But they also new that this never-before-tried form of government would be fragile and subject to corruption. That's why, at the close of the Constitutional Convention of 1787, when asked if the Founders had crafted a Monarchy or a Republic, Benjamin Franklin replied, "A republic. If you can keep it." And my, how difficult it has been to keep it! Down through the nearly two-and-a-half centuries this country has existed, malevolent forces have battered our walls of freedom. The Republic has managed to survive threats from Communism, Socialism and Progressivism; although all have managed to erode the original vision of those inspired men.
If you can keep it .... Did they know we would let it slip away? But could they also conceive that there would be those of us who would recognize that what they accomplished was worthy of fighting for; and that their vision would still burn in the hearts of patriotic souls? I think Franklin's reply was a subtle warning ... our freedom was not, and is not, guaranteed. The Founders knew that men and governments would endeavor to increase their power and control at the expense of our individual freedoms because freedom is not the natural state of the world.
That's why President Ronald Reagan's words sound so prophetic today: "[Freedom] must be fought for, protected, and handed on [to our children] for them to do the same, or one day we will spend our sunset years telling our children and our children’s children what it was once like in the United States where men were free."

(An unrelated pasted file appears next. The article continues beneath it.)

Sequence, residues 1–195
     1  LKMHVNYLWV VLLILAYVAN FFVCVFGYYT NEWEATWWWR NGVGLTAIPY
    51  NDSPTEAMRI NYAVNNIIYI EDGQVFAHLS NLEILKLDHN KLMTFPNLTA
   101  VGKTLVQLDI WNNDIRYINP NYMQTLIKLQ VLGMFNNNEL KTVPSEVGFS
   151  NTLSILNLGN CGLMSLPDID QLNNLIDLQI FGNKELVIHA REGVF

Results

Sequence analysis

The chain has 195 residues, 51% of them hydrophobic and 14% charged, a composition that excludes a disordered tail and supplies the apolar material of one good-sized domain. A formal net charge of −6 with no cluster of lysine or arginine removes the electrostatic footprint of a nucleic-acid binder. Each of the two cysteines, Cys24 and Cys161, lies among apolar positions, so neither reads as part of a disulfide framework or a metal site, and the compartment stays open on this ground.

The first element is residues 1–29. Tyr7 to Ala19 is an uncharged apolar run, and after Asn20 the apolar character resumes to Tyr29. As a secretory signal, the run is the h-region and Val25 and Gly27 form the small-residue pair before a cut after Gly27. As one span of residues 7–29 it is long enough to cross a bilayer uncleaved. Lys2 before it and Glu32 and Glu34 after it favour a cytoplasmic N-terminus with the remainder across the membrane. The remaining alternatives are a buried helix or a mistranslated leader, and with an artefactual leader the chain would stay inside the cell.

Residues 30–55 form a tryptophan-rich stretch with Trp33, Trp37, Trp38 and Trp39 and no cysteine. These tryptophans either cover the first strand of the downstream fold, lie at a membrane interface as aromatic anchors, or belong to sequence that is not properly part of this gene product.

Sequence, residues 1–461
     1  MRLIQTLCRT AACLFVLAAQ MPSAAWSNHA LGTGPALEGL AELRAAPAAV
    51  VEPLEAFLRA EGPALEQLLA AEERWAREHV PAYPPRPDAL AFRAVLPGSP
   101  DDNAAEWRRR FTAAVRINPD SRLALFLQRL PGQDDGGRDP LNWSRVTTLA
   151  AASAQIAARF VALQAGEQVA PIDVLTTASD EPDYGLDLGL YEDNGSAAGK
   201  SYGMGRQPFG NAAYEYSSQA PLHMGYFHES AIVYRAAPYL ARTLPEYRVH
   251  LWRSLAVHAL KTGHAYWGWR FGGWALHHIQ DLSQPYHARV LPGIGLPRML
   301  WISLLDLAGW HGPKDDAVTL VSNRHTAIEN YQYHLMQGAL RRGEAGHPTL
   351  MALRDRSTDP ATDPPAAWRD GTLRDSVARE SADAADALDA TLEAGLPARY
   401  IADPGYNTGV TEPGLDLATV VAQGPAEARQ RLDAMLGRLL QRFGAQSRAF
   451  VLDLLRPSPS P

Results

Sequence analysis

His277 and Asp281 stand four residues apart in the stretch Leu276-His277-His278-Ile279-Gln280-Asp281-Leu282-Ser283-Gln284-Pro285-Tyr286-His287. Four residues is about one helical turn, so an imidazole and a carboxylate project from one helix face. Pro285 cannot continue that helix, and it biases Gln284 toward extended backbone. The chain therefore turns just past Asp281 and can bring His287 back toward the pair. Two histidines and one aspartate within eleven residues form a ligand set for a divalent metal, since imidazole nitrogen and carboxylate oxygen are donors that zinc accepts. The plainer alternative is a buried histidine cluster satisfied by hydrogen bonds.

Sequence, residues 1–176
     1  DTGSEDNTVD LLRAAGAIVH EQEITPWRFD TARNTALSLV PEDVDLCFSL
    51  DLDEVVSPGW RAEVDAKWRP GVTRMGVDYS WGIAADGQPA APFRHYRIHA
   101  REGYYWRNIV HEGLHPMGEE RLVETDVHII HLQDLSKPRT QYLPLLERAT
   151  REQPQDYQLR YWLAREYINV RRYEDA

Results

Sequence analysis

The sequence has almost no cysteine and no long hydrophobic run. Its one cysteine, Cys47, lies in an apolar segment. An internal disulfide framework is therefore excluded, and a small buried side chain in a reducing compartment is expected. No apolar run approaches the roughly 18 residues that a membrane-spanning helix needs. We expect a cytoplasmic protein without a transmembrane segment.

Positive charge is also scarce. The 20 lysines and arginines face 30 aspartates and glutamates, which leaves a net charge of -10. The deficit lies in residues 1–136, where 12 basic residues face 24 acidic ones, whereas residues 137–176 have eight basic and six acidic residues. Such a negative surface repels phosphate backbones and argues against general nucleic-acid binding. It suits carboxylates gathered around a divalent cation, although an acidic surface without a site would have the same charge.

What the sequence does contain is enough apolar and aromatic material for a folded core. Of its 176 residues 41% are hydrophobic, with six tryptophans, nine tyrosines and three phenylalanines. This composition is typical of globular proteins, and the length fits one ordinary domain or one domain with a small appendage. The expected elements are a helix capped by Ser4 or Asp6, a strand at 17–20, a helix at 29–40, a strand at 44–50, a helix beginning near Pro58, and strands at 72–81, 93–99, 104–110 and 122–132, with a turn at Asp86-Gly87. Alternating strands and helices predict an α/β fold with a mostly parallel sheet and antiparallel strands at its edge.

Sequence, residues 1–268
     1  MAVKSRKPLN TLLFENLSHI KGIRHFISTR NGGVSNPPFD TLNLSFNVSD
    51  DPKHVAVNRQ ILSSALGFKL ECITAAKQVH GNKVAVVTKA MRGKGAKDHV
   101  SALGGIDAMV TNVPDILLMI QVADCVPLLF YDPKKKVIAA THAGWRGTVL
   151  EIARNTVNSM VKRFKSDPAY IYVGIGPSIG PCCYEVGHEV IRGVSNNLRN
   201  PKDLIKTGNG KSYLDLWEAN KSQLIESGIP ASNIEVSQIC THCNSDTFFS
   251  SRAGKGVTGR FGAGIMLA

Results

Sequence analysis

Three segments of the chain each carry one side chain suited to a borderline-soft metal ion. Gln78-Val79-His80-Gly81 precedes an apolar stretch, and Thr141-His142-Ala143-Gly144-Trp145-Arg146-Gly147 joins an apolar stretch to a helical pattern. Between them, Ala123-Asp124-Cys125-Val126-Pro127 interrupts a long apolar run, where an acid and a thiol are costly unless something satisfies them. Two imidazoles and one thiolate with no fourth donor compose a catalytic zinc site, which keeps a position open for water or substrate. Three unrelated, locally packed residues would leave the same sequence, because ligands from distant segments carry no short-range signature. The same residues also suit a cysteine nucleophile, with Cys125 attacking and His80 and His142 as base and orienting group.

How do we protect these fragile freedoms; these freedoms that we are on the verge of losing today? Has this erosion occurred by "the consent of the governed"? We certainly seem to have fallen asleep on the job. How do we change direction, and is it too late? There are many Americans who would tell you that we failed Benjamin Franklin -- that we've lost it. I refuse to believe that! As Reagan eluded to, we must reinvigorate ourselves; know how remarkable and rare are this country's founding principles and teach that fact to our children. Then we must make sure that we take advantage of the extraordinary system that has been instituted and elect honorable men who will preserve those principles.
We must return to being a moral nation; not adopting moral relevancy, but a moral code of conduct that breeds responsibility, accountability, and recognizing the rights of others. Finally, we must renew our efforts as watchmen of our freedoms; guard them and fight for them. If we cannot return to a knowledge and recognition of the unparalleled freedoms that were established in this country, as well as stand up as moral men and women, and vow to protect our rights, then I'm afraid we may have nothing to celebrate next Fourth of July.
But, if, as I suspect, the "Spirit of '76" still exists in our DNA, then I set my sights on the day that we can once again proclaim, as did Oliver Wolcott, a signer of the Declaration of Independence 238 years ago today, "It is most evident that this land is under the protection of the Almighty, and that we shall be saved not by our wisdom nor by our might, but by the Lord of Host Who is wonderful in counsel and Almighty in all His operations." Amen!
2 Corinthians 3:17 "Now the Lord is the Spirit, and where the Spirit of the Lord is, there is freedom."